Sometimes, an angler's love for gear becomes more important than the fishing itself, until the goal becomes a bigger collection of fishing gear instead of a collection of good fishing experiences. We’ve all seen this out there. And sometimes we have to actively fight that urge to want the next thing or believe that our deficiencies on the river can be solved with more gear.
The truth is, too much stuff gets in the way. Simplifying our approach, our fly selection and gear selection, usually wins. It can also make for a happier fisherman who feels like they know their tools and have confidence in their techniques.
But, having a few extra rods and reels is good too. And researching, planning for and then buying your next piece of gear is a fun process that can be inspiring. It can motivate you to get back to the river quickly and put your new stuff to the test. All things in moderation, right?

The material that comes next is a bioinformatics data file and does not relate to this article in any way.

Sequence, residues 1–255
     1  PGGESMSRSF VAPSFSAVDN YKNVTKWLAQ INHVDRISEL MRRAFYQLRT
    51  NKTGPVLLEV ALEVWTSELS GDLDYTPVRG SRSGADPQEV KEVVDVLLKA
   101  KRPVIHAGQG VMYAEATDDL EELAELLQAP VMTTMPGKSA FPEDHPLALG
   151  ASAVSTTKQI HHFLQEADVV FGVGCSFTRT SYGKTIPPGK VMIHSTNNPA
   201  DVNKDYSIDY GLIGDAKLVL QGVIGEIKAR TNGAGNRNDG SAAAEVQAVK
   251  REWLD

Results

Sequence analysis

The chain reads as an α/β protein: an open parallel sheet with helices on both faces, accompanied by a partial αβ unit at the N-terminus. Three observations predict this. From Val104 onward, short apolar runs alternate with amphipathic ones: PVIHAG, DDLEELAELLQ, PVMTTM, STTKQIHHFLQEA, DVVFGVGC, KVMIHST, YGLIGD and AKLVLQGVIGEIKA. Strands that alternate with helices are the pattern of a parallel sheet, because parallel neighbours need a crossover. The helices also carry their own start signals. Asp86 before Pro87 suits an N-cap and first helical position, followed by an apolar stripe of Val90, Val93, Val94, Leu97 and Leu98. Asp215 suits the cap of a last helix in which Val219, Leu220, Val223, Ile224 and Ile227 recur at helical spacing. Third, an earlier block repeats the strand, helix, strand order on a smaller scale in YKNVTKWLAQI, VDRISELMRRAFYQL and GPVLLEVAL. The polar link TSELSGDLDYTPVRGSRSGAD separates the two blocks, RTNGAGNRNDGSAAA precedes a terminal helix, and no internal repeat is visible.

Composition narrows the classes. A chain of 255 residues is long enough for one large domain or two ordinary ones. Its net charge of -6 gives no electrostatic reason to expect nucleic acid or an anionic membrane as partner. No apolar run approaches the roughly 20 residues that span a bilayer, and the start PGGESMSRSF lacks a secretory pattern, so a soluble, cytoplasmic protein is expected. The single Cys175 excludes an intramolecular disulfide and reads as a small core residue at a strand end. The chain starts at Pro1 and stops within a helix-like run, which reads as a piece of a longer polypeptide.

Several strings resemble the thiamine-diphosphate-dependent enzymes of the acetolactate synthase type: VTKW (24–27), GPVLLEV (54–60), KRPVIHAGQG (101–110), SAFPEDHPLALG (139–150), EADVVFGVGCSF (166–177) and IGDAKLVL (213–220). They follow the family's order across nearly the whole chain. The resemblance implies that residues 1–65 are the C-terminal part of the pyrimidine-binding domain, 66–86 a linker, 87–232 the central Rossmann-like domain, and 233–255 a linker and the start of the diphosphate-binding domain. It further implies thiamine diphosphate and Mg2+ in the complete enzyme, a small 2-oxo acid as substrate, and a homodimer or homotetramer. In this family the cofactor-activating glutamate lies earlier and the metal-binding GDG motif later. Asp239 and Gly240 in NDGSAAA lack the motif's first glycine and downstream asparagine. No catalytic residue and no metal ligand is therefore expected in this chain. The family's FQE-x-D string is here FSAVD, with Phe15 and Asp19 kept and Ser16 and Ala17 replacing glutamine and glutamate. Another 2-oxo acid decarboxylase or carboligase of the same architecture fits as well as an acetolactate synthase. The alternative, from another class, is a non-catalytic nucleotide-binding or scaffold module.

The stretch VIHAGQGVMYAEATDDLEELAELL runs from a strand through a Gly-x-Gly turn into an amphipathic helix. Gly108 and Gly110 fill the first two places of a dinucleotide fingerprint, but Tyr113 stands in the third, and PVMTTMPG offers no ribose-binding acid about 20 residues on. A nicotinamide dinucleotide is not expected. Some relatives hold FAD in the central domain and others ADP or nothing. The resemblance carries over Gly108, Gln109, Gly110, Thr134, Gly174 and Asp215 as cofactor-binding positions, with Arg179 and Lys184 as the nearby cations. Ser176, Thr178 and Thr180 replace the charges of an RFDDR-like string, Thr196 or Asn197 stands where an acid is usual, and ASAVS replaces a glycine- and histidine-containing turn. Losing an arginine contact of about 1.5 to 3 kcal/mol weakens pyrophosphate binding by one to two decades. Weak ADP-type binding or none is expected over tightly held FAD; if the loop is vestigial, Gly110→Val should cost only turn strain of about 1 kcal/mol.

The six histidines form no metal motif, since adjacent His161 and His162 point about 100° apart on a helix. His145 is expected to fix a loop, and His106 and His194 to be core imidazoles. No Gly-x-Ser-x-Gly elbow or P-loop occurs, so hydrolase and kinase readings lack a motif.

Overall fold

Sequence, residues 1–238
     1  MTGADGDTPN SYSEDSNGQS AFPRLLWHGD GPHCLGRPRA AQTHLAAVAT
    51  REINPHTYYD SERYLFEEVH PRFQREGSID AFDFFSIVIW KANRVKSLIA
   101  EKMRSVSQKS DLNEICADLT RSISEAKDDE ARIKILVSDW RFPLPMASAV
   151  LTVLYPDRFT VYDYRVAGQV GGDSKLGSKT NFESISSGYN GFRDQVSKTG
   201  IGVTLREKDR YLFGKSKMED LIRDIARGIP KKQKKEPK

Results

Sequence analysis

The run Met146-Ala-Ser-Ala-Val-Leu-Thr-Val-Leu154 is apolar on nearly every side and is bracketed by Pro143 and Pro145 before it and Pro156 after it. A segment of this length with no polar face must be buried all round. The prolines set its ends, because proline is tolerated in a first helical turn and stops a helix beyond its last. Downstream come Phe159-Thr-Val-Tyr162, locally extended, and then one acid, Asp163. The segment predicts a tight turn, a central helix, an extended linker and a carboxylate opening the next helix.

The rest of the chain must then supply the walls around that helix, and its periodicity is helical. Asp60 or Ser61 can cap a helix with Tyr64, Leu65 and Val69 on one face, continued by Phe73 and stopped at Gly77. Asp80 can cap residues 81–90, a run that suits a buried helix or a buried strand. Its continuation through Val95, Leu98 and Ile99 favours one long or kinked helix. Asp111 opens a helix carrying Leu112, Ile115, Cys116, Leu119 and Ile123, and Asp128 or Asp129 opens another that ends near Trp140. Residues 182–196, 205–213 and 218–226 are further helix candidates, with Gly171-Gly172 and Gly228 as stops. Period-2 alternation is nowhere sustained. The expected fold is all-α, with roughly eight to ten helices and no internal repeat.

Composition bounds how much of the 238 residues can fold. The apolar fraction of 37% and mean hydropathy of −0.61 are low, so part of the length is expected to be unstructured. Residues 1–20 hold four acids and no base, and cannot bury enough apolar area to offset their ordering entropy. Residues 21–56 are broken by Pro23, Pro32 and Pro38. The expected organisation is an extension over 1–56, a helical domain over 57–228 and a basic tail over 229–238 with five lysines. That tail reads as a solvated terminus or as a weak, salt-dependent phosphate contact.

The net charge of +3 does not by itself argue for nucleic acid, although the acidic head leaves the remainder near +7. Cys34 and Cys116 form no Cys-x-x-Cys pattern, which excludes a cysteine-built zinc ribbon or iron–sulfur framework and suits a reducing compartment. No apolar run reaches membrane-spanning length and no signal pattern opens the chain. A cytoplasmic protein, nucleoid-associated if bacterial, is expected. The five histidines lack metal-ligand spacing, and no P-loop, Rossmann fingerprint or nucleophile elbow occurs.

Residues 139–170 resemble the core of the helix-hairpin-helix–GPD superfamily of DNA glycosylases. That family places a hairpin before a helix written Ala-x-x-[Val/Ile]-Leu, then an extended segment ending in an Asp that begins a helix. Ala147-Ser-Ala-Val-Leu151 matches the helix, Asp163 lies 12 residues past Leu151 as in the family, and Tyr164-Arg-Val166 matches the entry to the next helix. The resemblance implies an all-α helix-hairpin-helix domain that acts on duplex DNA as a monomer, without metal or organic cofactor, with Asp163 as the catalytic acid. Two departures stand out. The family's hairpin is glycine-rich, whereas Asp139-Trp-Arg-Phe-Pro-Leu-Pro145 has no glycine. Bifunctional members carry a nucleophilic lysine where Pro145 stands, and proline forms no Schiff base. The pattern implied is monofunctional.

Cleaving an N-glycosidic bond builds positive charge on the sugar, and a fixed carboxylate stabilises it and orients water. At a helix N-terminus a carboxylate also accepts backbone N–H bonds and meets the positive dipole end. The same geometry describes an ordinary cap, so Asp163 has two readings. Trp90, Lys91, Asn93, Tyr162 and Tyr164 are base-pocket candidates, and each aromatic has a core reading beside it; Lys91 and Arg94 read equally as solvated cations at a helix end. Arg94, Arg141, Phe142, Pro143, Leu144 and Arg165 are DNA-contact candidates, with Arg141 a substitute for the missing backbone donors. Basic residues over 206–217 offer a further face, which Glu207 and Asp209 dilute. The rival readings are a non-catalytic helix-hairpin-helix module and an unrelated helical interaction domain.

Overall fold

So part of our conversation in this episode is focused on the gear — the stuff you don’t need to have great days on the water, the stuff that might hold you back far more than help you out.
But another part of this episode is less tangible. Because it’s not always what we buy and stash in a fishing pack that gets in the way. Because, over time, it’s too easy to focus on finding the perfect water. Or we can look too hard for ideal weather and fishing conditions. Even the pursuit of some miraculous presentation can get in the way of our enjoyment and our progress.
For most anglers, our time on the water is often so limited that it’s easy to get wrapped up in all the daydreaming and planning, until gear acquisition syndrome creeps in. And then our time on the water is spent finding reasons that we need something else or the next thing.
The truth is, your best approach is to take the modest gear you own, hit some of the closest trout water you can find, and fish it hard. That’s what wins. And that was this podcast conversation is about.